- Congressman Frank Wolf. Five month wait. Wolf now chairs the Appropriations Subcommittee in charge of the DOJ budget. Oops.

- Jed Babbin, editor at Human Events. Six month wait.

- Jerry Seper, Washington Times. Six month wait.

- Jim Boulet of the English First Foundation. No reply at all.

-Jenny Small of Judicial Watch. Five month wait.

- Republican Pennsylvania state Representative Stephen Barrar. Four month wait.

- Jason Torchinsky. former DOJ and now ace GOP lawyer. No reply at all.

- Ben Conery. Washington Times. Five month wait.

It should be noted that the logs reveal plenty of mundane compliance to requestors of no particular note. Other times, very short delays mark a request from an administration friend. But in no instance does a conservative or Republican requestor receive a reply in the time period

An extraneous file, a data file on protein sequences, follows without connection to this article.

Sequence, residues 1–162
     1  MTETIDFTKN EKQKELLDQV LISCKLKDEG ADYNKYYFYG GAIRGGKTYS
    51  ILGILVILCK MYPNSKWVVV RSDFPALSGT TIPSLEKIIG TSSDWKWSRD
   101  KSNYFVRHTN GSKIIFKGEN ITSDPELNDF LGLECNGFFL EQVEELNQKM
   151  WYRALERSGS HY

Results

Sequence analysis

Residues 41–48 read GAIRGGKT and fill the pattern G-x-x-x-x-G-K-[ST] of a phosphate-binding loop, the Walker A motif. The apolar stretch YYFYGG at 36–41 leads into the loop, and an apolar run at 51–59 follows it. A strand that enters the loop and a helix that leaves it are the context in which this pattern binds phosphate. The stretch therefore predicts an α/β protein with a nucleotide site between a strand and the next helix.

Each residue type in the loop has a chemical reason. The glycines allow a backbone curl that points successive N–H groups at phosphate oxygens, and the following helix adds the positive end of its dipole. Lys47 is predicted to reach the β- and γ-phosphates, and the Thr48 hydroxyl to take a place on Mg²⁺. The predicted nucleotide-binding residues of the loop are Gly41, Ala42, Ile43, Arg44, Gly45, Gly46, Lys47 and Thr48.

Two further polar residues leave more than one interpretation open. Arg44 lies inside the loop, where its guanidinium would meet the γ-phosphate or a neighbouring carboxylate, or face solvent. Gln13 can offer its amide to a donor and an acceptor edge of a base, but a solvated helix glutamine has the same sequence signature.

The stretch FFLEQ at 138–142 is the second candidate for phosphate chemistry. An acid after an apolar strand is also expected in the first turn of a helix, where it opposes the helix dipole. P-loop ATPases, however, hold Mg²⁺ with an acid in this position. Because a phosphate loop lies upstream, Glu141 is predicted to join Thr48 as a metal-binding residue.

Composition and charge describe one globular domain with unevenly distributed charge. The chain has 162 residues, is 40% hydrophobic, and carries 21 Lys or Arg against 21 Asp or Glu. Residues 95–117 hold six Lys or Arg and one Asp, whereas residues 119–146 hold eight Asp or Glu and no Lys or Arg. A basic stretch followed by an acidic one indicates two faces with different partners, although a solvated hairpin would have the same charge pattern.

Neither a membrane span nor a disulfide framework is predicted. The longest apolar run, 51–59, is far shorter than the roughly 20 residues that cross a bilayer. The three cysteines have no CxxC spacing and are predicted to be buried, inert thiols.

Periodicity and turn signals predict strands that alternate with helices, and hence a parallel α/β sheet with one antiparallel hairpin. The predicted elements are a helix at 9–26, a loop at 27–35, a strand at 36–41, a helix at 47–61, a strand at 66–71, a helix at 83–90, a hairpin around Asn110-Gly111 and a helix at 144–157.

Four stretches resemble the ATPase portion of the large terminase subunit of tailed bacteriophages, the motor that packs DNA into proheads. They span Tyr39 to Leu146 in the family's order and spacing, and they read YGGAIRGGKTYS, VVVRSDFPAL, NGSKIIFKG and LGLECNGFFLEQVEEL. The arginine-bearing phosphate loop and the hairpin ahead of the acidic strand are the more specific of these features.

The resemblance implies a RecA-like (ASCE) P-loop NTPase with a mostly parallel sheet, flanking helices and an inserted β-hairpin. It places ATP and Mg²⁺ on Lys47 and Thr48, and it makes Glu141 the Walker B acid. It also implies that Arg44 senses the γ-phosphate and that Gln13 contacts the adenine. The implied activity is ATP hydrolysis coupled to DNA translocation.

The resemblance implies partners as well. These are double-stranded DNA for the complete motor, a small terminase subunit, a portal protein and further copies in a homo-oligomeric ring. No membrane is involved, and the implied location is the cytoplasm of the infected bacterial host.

prescribed by law. The logs demonstrate an unmistakable pattern - friends zoom in the express lane, while foes are stuck waiting on the shoulder.

Politicized compliance with FOrA might be an administration-wide pattern. The revelation that the Obama Department of Homeland Security has politicized the FOIA process may be just the tip of the iceberg.

If so, what should we make of patterns of lawless noncompliance with the FOIA? If nothing else, it exposes the rank hypocrisy of those heady days in 2008 when transparency was a campaign promise. In the worst case, we have an administration willing to violate the law to conceal details about their governance.

Even this should outrage members of the mainstream media - unless of course they already zoom along in the DOl information fast lane.

FRANK R. WOLF

10TH DIEmlICT. VIRGINIA

SUflmMMmEES:

241 CANNON HOUSE OFFICE BUILDING WASHINGTON. DC 20515-4610 (202) 225-513t1

COMMITIEE ON APPROPRIATIONS

RANKING MEMBER-COMMERCE-JUSTlCE· SCIENCE

13873 PARK CENTER ROAP SUITE 130 HERNDON. VA 20171 (703) 709-5800 1800) 945--!16~ (IN SrATEI

TRANSPORTATION-HUO